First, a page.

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Myth of the Week

Whiplash it seems, above all other injuries, has become synonymous in the minds of the public with the law surrounding personal injury. Maybe it’s because it’s the injury we are most likely to encounter if we are unfortunate enough to be involved in a road accident or maybe it’s the prevalence of adverts depicting people with large white surgical collars smiling as they collect their compensation.

Whatever the reason, despite the high profile of whiplash (or more likely because of it) whiplash remains a misunderstood concept around which several myths swirl. I will attempt to address three such myths.

MYTH #1 Whiplash only relates to car accidents

Whiplash is caused by the head being jolted violently. The force of the weight of your head moving rapidly in one direction while your neck and torso attempt to pull it in another causes muscles, tendons and ligaments to pull and tear. This is common in a car crash scenario, particularly in rear-end shunt crashes. However whiplash can be caused in many other scenarios from being struck on the head, slips and falls and a variety of sporting misfortunes.   

MYTH #2 Whiplash is trivial

There is a perception that whiplash is a short lived and rather inconsequential injury. As with most soft tissue injuries there is a wide spectrum of severity. At the lower end of that spectrum whiplash may only persist for a number of days and be little more than a trifling inconvenience. However, at the opposite end of the spectrum are severe injuries which can continue for several years. Persistent neck and back pain can severely limit ones standard of living; along with the pain itself whiplash victims may find that their social life, hobbies, stress levels and sleep are all negatively affected.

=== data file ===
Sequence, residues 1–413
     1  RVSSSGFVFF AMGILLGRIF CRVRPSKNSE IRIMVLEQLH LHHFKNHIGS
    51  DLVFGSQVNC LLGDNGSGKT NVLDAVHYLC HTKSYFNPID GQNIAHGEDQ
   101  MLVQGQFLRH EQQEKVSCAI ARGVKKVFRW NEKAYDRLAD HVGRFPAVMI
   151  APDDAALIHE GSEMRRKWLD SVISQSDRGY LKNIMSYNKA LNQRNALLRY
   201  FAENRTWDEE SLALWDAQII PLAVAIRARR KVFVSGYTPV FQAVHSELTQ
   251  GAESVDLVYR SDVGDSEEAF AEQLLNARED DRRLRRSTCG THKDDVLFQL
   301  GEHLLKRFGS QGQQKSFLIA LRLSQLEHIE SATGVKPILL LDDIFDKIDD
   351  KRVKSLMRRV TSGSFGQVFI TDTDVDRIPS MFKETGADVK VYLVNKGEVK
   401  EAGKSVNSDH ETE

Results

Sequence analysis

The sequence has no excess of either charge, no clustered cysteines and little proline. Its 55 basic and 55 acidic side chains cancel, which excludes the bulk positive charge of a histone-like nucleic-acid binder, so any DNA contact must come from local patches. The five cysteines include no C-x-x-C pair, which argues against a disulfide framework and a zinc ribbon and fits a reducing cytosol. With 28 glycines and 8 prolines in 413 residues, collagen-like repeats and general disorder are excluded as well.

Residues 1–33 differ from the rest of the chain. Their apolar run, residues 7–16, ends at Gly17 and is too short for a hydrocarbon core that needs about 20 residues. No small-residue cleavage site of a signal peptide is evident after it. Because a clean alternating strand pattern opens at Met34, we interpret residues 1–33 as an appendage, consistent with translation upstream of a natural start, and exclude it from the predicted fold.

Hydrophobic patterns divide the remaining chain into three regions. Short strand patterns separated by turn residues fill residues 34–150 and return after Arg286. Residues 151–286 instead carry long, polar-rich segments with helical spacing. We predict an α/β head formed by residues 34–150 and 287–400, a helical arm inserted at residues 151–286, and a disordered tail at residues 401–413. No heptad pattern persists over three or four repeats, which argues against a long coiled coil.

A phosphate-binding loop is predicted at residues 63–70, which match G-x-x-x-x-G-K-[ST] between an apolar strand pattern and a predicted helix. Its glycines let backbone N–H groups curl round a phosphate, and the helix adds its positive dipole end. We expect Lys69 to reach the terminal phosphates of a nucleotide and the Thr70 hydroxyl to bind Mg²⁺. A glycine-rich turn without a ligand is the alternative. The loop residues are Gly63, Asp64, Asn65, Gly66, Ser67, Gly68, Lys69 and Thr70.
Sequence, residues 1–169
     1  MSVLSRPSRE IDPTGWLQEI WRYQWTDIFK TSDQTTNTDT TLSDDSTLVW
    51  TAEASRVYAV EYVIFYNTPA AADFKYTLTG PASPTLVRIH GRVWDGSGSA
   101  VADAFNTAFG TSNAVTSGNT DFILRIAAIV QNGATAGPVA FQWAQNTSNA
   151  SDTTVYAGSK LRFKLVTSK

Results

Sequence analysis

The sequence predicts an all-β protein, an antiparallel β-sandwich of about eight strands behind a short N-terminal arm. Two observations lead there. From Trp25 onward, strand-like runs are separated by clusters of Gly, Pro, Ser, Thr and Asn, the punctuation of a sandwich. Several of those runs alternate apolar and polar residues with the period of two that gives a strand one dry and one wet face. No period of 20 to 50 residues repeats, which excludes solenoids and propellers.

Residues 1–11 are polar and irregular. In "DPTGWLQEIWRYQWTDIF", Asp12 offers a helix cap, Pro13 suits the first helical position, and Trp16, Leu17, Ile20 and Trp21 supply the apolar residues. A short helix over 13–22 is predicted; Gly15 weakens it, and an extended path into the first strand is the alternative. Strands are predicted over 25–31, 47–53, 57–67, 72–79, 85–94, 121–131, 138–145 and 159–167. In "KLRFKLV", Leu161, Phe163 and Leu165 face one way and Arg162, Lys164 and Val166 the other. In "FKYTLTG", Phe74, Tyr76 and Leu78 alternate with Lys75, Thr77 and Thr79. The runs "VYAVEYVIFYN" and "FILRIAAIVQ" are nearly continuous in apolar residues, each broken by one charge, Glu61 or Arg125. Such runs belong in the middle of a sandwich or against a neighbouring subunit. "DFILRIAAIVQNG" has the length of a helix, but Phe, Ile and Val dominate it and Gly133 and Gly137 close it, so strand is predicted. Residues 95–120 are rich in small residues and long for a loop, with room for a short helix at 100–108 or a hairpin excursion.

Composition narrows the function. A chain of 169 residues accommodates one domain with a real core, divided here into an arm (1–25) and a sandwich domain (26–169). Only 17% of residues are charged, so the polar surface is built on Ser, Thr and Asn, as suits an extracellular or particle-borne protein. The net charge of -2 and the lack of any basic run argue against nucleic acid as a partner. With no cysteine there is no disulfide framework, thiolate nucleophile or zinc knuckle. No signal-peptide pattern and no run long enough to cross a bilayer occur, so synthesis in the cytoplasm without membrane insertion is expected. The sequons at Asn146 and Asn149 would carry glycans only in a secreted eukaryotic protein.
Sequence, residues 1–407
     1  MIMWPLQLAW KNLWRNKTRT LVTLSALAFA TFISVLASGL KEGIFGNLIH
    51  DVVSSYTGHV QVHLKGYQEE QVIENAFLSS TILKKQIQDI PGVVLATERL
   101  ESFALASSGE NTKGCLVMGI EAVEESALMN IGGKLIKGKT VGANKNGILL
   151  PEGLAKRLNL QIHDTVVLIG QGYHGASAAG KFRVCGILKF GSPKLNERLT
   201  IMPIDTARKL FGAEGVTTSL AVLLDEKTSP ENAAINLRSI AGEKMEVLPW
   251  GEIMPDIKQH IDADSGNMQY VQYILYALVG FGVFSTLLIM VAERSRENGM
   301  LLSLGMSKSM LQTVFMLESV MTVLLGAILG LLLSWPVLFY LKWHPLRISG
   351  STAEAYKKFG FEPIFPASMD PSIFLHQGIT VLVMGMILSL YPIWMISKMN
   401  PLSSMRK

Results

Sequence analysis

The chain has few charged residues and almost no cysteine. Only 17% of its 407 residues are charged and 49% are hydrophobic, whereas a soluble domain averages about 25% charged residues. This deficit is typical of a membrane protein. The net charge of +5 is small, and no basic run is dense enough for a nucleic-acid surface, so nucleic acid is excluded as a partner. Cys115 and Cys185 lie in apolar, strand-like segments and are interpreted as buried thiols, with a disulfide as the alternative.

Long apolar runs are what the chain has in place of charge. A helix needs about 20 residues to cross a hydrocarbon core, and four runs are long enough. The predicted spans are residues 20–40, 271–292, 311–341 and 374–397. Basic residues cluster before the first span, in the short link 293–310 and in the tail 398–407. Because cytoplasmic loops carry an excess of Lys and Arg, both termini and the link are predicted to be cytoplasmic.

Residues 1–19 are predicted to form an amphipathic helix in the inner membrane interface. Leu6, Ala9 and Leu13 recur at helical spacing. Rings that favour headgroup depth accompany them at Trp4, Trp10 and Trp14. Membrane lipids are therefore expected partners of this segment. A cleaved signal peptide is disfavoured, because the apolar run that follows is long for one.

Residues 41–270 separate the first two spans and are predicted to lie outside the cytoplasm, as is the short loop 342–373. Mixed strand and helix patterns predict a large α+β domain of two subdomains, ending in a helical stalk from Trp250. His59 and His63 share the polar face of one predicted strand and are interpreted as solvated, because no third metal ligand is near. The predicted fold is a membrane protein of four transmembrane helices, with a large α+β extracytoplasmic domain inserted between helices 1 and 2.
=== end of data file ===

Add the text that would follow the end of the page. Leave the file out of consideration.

MYTH #3 Whiplash claims are open to abuse

This is a particularly troubling myth, and one that has become almost legend. This is most probably due to the frequently encountered anecdotal story of the car crash victim who appears fine and healthy at the road side before the greedy rascal puts in a claim for debilitating whiplash. This is also a myth that evokes great frustration amongst the public, particularly as there is a fear that the cost of fraudulent claims will be paid not by multinational insurance companies but by all of us in higher premiums. Fortunately this is usually the case of smoke but no fire. The circumstances may seem suspicious but in fact it is quite normal for whiplash symptoms to take hours or even days to fully develop. Whilst the risk of fraud can never be entirely eliminated, there are many safeguards in place to prevent such claims. There must be independent evidence of an accident having occurred, medical records will usually be sought to verify injuries and an independent medical expert will be instructed to carry out a report on potential victims.

Blog by Ronan Platt

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